The 2,800 members of the Leander Rowing Club, which is home to Olympic medallists Steve Redgrave and Matthew Pinsent, voted for the move by a majority of more than the required two-thirds after a three-hour meeting.
The decision has been prompted by an offer of a pounds 1.5m National Lottery grant towards a pounds 2.3m development plan.
One condition is that the club must comply with the Sports Council's open membership policy, which would mean that women must be accepted on the same terms as men.
The National Lottery had made it clear to the club that it could no longer retain its exclusively male membership if it wanted pounds 1.5m.
Leander, based at Henley-on-Thames in Oxfordshire, has for years allowed women crews to train, but has never invited them to become members, nor has the club ever built women's changing areas. The decision means they can become members and also use the facilities.
The club's first rule states that "qualification for membership is good fellowship and proficiency in oarsmanship".
Yesterday, Leander's chairman, Chris Rodrigues, said: "The club will remain a high-performance centre".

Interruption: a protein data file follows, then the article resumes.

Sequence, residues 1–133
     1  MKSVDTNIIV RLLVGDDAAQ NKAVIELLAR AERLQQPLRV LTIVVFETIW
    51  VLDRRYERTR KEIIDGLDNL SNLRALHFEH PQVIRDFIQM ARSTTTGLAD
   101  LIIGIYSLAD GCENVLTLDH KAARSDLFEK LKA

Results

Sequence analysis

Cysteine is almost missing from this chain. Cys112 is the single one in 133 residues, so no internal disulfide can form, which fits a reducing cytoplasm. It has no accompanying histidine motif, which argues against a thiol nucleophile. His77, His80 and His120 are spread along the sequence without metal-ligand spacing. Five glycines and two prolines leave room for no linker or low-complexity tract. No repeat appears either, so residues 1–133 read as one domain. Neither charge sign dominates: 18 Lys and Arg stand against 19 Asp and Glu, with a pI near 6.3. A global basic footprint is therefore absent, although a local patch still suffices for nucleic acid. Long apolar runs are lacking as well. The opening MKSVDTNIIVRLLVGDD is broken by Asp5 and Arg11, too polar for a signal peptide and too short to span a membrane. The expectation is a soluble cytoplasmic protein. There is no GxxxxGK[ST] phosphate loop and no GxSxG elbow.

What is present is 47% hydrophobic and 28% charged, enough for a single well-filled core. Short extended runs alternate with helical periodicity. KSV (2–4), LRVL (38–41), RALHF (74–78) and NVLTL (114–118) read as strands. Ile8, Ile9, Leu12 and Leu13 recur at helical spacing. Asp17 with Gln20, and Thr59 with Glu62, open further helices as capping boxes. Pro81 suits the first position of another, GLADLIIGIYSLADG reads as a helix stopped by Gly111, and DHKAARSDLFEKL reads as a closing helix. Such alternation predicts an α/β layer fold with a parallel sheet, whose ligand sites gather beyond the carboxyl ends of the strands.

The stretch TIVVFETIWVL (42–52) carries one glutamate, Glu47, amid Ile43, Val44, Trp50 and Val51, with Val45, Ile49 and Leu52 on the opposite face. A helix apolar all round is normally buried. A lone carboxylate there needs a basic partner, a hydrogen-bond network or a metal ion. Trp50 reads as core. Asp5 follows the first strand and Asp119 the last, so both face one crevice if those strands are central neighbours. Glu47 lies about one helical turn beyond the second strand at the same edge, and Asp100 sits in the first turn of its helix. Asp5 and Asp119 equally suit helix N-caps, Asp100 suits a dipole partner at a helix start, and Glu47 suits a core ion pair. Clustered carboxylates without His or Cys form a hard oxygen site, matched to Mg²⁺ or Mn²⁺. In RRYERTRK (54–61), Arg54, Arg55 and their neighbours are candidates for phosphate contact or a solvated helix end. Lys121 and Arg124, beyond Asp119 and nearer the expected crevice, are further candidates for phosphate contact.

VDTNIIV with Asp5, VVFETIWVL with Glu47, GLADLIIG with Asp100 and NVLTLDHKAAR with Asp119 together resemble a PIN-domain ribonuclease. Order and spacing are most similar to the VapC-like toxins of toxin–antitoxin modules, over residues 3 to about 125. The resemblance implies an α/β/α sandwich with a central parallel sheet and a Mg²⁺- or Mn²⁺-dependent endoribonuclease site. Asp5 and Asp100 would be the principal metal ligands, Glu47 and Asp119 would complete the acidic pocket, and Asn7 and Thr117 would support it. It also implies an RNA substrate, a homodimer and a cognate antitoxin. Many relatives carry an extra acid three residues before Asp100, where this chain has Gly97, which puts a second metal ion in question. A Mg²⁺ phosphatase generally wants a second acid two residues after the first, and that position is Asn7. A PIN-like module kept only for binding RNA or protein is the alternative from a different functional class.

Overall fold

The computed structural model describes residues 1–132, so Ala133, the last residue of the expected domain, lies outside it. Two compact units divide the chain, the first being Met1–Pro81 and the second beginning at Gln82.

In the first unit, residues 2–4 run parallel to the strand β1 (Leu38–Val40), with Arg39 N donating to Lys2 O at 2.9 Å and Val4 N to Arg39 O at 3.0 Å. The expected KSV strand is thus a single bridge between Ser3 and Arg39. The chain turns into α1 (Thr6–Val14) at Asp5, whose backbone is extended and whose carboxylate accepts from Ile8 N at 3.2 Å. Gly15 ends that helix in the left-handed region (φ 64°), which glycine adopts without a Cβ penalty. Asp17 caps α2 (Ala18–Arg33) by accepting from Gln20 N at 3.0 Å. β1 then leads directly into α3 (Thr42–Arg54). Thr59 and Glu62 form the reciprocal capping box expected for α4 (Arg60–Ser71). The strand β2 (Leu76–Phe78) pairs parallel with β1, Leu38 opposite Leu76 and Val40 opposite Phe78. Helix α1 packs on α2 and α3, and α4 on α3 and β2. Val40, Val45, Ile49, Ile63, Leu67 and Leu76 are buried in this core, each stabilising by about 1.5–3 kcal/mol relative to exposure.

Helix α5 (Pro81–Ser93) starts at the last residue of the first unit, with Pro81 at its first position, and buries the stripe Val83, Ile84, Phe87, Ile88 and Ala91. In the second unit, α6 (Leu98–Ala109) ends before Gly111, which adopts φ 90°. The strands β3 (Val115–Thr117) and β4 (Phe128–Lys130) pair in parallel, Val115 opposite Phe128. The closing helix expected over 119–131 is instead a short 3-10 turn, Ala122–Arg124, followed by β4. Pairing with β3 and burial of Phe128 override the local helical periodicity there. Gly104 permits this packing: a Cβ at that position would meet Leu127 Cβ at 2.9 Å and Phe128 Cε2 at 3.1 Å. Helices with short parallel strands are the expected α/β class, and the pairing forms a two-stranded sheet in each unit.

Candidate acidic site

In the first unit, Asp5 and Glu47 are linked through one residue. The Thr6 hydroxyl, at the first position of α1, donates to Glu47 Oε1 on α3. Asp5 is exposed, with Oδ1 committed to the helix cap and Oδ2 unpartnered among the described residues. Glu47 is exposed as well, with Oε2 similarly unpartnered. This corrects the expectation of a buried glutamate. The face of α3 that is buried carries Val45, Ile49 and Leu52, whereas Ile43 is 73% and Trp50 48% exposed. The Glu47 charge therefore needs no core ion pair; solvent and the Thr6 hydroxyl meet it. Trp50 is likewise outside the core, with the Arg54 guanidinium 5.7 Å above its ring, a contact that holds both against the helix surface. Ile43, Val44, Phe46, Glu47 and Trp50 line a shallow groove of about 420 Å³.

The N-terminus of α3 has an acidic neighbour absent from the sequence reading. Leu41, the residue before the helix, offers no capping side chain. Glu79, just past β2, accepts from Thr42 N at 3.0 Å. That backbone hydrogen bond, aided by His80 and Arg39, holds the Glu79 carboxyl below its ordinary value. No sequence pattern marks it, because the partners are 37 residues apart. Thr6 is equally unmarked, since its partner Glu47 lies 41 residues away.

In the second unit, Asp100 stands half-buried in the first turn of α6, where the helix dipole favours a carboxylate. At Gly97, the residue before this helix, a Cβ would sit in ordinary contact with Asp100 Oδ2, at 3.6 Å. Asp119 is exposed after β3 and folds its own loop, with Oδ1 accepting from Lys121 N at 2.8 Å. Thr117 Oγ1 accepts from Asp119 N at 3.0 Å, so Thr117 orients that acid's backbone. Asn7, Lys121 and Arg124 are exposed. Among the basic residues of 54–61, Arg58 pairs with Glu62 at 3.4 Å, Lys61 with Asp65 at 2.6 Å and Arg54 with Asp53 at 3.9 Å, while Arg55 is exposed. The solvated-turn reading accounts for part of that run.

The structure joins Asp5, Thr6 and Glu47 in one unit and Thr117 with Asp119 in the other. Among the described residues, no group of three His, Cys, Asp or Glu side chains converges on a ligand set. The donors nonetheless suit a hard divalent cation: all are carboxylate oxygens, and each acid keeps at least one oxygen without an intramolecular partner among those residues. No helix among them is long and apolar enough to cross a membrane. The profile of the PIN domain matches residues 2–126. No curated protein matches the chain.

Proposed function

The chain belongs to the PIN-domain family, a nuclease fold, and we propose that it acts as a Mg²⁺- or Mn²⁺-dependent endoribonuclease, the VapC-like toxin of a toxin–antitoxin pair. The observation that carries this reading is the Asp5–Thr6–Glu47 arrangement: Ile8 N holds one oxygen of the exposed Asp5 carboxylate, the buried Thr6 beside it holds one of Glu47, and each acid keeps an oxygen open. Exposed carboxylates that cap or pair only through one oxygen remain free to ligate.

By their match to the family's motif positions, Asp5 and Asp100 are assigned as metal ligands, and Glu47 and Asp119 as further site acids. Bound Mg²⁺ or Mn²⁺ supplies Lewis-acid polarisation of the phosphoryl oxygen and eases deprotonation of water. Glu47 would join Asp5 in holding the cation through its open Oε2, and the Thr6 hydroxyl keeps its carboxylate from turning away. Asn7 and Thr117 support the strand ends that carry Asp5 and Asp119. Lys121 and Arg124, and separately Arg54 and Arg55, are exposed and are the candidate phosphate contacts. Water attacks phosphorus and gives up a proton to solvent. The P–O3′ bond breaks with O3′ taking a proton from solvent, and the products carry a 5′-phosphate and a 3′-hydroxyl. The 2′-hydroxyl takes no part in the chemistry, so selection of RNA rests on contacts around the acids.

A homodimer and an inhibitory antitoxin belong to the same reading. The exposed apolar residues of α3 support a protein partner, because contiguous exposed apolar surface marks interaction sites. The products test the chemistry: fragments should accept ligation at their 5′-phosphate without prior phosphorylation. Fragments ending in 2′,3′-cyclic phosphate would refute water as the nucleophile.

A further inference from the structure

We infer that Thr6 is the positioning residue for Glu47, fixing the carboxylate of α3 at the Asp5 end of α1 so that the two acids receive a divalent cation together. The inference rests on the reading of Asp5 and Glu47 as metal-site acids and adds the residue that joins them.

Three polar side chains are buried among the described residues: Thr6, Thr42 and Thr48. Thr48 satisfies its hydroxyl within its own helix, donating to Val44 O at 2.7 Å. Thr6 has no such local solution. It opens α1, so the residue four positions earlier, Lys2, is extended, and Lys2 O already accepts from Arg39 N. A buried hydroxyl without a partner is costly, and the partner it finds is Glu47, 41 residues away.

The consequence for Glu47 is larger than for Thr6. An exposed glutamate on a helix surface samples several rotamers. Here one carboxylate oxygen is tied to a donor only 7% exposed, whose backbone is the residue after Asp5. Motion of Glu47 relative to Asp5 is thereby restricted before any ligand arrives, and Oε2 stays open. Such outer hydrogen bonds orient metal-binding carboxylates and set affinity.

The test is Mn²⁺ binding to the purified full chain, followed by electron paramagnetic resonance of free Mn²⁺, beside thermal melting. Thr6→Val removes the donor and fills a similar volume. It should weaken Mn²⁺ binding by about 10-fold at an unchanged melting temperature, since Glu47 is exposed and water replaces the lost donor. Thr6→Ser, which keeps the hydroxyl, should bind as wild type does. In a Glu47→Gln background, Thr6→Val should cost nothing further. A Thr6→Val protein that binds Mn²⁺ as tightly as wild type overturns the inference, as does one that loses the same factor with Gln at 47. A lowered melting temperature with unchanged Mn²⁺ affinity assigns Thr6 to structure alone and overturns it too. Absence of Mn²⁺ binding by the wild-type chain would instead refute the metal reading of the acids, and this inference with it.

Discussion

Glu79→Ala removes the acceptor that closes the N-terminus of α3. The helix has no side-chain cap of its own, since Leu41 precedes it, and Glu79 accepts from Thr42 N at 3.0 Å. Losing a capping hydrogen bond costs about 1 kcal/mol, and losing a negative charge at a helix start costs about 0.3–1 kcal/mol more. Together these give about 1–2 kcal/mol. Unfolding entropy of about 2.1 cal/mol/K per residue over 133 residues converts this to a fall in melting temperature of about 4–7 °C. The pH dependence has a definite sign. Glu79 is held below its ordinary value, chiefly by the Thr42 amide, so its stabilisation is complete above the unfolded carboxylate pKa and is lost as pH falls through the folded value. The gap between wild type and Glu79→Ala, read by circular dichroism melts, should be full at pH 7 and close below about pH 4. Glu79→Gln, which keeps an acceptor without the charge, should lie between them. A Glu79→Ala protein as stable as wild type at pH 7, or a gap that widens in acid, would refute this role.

Mr Rodrigues said the Leander Club would pursue the lottery application, "provided it in no way compromises our rowing centre". He said "the vote was based on principle."
Pinsent, who was in favour of the move, said recently: "Of course, the club should be open to women. Probably a small percentage will object because it has been male-only for nearly 200 years, but that is not a legitimate reason to oppose it."
Dot Blackie, an Olympic oarswoman who coaches the Oxford women's team, said the move was vital if the club was to become a centre of excellence. "We need to be members so we can use their facilities. Most of the women I know don't really care about belonging to the club itself. They have more interesting things to do with their time than join a country club".
Founded in 1818, Leander is Britain's oldest rowing club and the leading centre for the men's heavyweight national squad. In recent years it has provided the bulk of Britain's international teams, including more than half of the men's heavyweight teams for the Atlanta Olympics last year.
The club can now expect to receive pounds 1.5m towards the rebuilding and expansion of their Henley clubhouse, which celebrates the centenary of its building this year.
Their expansion plans include a purpose-built gymnasium, facilities for physiotherapy, medical assessment and treatment, and women's changing rooms.Reuse content